Mr Pang agrees: “Science and math are often viewed as ‘dry’ and ‘tough’ subjects, because they are rooted in principles, theories, and facts.”

But, he adds that “it is the telling of the story that often makes the difference.” Hence, while facts and figures are important, ultimately it is how these are applied in various ways that solve real-world needs. 

“The truth is, science is everywhere,” Associate Professor Lim emphasises. “It is in the clouds in the sky, the grass under our feet, the toaster that we use to make our favourite sandwiches, and even in the whisking of an egg.” 

He explains further, “When parents and educators are able to demonstrate a natural correlation between hard-to-learn principles and everyday activities, that’s where understanding can be cultivated, which in turn gives rise to interest.”

Making STEM education relatable and fun

Driven by their love for STEM, Messrs Pang and Lo, as well as Associate Professor Lim are on a mission to inculcate this same passion in their kids, and others around them. 

“Education through play, exploration, and experimentation is a good way to pique the curiosity and creativity of young children in school,” Mr Pang suggests. 

He takes his own advice to heart, often engaging his children in STEM subjects by using creative means to explain concepts, and bringing them on science field trips to the Science Centre or nature parks to understand how science works in their everyday lives. 

To make STEM subjects more fun and relatable, children can be engaged via DIY activities and workshops that allow them to see a tangible result instead of a focus on mere concepts. (Photo courtesy of Science Centre Singapore)

Meanwhile, Mr Lo continues to pass on learnings from his childhood by engaging his children through tinkering and DIY activities at home; to great success, as all three of his children love science. 

Associate Professor Lim and his wife took things one step further with their children, creating a Kids Club with a group of friends, where their children gather almost every weekend, to play and learn through hands-on experiences. Over the course of a decade, the club has covered various topics relating to STEM, the arts and humanities.

While developing a love for STEM at home is important, organisations and institutions can also play a part. 

An activity at KidSTOP™. (Photo courtesy of Science Centre Singapore)

Today, the Kids Club has transformed into KidsSTOP™, the first children-centred science centre in Singapore, where children from all walks of life can learn through purposeful play. 

Associate Professor Lim also continues to lead initiatives to develop interest in STEM within SCS, such as through the I Am A Young Scientist programme. Here, families are encouraged to expose children to science through everyday activities, such as baking a cake to understand how raising agents work, or watching a movie on cloning to explore its ethical conundrums. 

“These activities serve to promote curiosity and encourage children to ask questions,” he says. “As they do this, they discover that science is always present around them.”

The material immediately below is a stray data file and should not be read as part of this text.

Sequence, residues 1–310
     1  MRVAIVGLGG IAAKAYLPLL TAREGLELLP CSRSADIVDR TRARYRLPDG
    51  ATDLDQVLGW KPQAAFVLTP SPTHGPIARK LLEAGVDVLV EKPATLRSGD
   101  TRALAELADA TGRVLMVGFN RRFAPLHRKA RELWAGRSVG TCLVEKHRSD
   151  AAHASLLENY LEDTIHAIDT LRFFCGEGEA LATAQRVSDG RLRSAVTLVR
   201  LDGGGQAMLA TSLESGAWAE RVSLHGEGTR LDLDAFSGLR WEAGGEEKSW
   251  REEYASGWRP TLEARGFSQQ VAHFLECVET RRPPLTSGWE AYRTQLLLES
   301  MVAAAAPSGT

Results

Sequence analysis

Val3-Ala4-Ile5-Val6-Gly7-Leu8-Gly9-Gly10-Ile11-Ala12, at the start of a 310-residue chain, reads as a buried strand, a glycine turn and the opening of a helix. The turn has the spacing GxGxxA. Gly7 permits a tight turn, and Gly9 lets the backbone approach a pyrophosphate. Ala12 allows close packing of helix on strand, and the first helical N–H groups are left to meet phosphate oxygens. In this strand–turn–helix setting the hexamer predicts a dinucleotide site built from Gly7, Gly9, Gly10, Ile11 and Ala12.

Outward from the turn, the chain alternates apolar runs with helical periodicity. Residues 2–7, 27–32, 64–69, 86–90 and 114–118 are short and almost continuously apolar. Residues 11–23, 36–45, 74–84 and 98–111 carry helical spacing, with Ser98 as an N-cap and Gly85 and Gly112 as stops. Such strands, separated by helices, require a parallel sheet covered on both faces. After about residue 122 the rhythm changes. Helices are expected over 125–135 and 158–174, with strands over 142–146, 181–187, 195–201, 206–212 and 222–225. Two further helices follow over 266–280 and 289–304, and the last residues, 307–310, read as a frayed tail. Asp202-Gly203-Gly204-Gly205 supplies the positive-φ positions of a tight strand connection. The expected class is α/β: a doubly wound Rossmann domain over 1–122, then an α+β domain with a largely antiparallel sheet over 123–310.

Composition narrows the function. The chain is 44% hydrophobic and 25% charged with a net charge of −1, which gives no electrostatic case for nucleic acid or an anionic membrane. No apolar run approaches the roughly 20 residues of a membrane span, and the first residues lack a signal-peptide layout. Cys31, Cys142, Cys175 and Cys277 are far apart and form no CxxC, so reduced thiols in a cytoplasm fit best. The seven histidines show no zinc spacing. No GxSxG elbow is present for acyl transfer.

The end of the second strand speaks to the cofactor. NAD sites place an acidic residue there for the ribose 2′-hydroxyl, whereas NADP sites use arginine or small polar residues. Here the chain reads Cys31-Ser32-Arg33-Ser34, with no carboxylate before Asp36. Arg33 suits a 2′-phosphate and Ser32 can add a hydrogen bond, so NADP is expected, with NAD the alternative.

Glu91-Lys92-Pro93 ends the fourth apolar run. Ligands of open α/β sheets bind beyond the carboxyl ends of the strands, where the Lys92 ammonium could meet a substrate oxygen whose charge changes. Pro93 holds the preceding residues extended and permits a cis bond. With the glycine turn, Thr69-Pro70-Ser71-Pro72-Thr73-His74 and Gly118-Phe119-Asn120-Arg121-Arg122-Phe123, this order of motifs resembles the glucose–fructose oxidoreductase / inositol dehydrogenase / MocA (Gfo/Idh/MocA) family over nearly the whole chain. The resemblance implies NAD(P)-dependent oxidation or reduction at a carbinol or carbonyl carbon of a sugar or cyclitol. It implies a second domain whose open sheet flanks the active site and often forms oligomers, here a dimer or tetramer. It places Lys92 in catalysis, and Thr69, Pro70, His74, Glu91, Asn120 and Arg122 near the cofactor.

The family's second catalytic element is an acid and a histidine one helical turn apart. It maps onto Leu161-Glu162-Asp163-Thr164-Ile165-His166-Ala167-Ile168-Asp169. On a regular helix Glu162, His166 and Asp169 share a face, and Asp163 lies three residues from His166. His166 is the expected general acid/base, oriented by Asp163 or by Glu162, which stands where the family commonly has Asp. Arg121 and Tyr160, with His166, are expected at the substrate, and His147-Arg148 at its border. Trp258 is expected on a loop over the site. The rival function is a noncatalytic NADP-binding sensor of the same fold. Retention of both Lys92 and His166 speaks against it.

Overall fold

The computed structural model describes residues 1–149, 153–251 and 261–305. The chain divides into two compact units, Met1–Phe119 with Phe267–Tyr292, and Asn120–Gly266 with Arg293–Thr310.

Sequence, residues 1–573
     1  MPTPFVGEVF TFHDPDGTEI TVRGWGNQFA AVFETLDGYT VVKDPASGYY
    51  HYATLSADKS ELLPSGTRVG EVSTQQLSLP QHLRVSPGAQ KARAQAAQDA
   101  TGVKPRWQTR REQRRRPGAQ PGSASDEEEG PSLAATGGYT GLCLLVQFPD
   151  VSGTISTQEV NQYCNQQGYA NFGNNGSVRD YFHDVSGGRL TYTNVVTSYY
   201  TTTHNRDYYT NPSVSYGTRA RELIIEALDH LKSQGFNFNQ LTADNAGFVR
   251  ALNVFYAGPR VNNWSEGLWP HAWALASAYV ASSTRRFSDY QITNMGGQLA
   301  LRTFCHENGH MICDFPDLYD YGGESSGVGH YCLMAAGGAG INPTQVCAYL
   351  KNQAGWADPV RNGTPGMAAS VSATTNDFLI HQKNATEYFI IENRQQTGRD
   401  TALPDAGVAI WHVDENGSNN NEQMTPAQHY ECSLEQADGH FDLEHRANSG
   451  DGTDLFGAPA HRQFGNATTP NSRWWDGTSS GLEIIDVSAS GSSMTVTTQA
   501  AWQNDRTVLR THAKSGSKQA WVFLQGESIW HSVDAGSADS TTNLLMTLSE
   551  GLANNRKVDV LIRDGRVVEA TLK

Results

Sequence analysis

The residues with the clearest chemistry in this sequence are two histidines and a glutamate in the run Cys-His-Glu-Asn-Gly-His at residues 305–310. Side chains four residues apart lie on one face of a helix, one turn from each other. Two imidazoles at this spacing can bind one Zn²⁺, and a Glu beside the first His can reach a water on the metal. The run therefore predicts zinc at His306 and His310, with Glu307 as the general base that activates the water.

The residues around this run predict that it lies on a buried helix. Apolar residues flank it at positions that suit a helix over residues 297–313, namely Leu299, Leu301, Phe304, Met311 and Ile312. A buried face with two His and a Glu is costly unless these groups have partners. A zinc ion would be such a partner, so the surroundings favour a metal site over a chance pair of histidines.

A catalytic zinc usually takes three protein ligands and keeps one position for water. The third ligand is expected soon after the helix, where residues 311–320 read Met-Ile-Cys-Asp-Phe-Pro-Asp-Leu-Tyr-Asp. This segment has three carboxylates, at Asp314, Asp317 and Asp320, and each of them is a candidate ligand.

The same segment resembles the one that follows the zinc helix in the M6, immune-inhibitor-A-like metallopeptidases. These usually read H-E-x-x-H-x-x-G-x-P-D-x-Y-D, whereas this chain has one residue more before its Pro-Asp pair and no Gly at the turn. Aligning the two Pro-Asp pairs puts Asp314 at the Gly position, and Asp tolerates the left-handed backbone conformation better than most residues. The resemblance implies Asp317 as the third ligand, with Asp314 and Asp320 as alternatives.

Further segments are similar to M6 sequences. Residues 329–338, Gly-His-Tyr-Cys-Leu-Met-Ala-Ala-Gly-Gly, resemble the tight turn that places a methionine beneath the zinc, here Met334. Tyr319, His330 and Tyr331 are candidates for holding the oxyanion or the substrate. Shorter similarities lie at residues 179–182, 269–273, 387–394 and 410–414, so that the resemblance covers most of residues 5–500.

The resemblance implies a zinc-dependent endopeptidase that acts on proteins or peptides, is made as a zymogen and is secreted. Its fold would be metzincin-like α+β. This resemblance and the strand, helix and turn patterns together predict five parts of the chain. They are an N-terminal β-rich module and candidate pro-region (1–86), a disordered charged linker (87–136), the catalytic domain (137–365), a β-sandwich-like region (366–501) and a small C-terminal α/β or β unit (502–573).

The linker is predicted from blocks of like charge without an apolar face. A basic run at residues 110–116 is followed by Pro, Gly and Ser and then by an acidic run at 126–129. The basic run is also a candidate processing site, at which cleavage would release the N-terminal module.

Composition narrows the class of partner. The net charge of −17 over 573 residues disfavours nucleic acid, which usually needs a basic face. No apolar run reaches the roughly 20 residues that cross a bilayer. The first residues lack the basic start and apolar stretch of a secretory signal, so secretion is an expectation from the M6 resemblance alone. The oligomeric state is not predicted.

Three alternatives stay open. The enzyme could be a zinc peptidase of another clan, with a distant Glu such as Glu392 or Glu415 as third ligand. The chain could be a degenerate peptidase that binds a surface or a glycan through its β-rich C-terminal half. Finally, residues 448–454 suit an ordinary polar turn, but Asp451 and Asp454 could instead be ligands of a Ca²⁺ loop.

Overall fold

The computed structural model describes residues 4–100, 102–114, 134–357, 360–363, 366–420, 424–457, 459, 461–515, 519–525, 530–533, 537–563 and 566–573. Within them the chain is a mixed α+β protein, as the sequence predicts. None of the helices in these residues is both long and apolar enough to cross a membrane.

Schools, too, have a role to play, as essential building blocks in a child’s education. Taking inspiration from 3M’s own work ethics, Mr Lo suggests that students have free periods in school for open ideation and exploration.

“Students can visit open-door workshops to build and test out concepts,” he recommends. “This will allow [them] to exercise their creativity with science, hone their hands-on skills, learn through experience, build self-confidence, and develop a life-long passion for STEM.” 

The future of STEM

Mr Pang hopes that more women will take an interest in STEM, and not be deterred by traditional gender stereotypes. (Photo courtesy of Science Centre Singapore)

Ultimately, it is Mr Lo’s hope that science will become an interest not limited to the younger generation’s education or career but an integral part of their lives.

He says, “My hope is that they will continue to feed their inquisitive nature with STEM knowledge to solve everyday challenges, help those in need, pass this passion down to the younger generation, and make the world a better place for many generations to come.”

Mr Pang, on the other hand, hopes to see STEM education continue to become more accessible for all parties, regardless of gender. 

The father to a daughter is keenly aware of the hurdles women face: “It can be intimidating when someone is the only girl in a robotics/coding class, or when science toys are geared towards boys… I hope that the future generation will not be barred by gender stereotypes and can engage in STEM based on their natural inclination and strengths,” he implores.

“I hope that [future generations] will keep asking themselves the same question, ‘Have you MET science?’” Associate Professor Lim underscores, alluding to the term ‘STEM’ being read in reverse (METS). 

“If you have been meeting science regularly, may I encourage you to keep promoting science for world peace and development, especially using the power of STEM towards achieving the United Nation Sustainable Development Goals,” he adds. “And if you’ve not MET science lately, why not reconnect with your natural curiosity and start asking questions about the world?”

Meet science at home this mid-year break

With the nation still in a state of phase 2 (heightened alert), and the mid-year June holidays at our doorsteps, why not engage your children in STEM activities to ensure continued learning while still having fun? 

Interested parents can check out 3M’s Science at Home page for easy DIY science experiments that can be carried out at home, or visit the Science Centre’s page for upcoming activities and workshops.